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OSTEOPORISIS

Osteoporosis describes a loss of bone mass that can possibly result in fractures (most common in lower spine, hips and wrists), loss of height, and pain in hips and back. It occurs most commonly in women after menopause and is the most common bone dysfunction in the United States.

Currently, approximately 7 million people have osteoporosis with 18 million more considered to be at high risk. 1.5 million osteoporotic fractures occur per year with a hip fracture being the most common. The average cost per person to the health care system is approximately $35,000 and the total cost output is over $18 billion per year.

Bone is a living tissue that is constantly shedding its’ dead cells and reproducing new ones for replacement. This process is always ongoing. When the breakdown process exceeds the bone cell manufacturing capacity one starts to slowly lose their bone mass.

This loss of bone mass does not indicate a fracture is eminent. Studies reveal that women of different cultures all experience bone loss at similar rates in regards to their age. However, the fracture rate varies widely. The difference appears to be in the integrity of the bone matrix. Changes in the matrix prevent the bone from holding onto the necessary minerals and components to keep the remaining bone strong. And this is not simply due to menopause (decrease in estrogens) or is corrected by just taking calcium.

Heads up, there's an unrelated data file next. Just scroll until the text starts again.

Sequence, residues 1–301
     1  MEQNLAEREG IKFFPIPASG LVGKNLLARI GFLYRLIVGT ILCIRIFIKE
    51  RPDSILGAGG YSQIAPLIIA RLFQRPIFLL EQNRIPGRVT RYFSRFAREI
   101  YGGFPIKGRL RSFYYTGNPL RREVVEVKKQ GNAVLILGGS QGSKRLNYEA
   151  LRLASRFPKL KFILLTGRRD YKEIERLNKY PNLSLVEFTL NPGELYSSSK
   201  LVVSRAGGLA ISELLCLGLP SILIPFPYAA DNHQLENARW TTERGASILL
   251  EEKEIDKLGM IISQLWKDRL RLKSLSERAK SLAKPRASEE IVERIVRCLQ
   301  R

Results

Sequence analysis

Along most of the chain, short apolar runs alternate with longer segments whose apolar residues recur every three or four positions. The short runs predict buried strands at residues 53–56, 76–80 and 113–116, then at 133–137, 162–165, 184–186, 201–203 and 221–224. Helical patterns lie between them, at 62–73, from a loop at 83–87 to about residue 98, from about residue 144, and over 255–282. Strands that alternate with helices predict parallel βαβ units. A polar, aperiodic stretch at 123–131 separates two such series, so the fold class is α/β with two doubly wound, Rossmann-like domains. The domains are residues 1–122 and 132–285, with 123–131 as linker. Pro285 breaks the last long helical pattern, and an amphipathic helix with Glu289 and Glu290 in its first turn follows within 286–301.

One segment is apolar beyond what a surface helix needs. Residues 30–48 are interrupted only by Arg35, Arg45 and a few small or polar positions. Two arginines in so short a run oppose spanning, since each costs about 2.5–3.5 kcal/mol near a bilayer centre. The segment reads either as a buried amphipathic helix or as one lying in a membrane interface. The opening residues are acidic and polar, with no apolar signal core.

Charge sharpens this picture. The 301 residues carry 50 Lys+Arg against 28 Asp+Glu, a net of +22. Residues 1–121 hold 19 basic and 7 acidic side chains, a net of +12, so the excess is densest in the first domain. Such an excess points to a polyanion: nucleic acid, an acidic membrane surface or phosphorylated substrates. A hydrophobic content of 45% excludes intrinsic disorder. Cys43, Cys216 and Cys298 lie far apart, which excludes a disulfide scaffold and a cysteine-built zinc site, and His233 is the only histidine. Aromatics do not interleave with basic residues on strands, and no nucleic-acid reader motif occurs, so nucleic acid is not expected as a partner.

Osteoporosis results from a combination of these influential factors:

Diet: high protein intake, “refined carbs”, high acid ash foods, phosphates
Stress: physical, emotional and biochemical
Smoking
Drug induced: Diuretics, thyroid hormone, blood thinners, corticosteroids, steroids, NSAIDS
Hormonal influences: Reproductive, thyroid, parathyroid and adrenal
Lack of weight bearing exercise/Inactivity
Familial tendencies
Alcohol, coffee and soft drinks
Premature menopause: surgically induced or physiological changes
Nutrient deficiency due to poor intake or digestive dysfunction
Thin and small boned
Never been pregnant
History of an eating disorder

Osteoporosis can be prevented or minimized by taking measures to correct the aforementioned risk factors. The more risk factors one eliminates the less chance one has of suffering from the negative consequences of osteoporosis. Many of the above risk factors can be corrected through dietary changes, supplementation, addressing systemic dysfunctions i.e. hormonal problems and digestive disturbances, stress reduction techniques and physical exercise.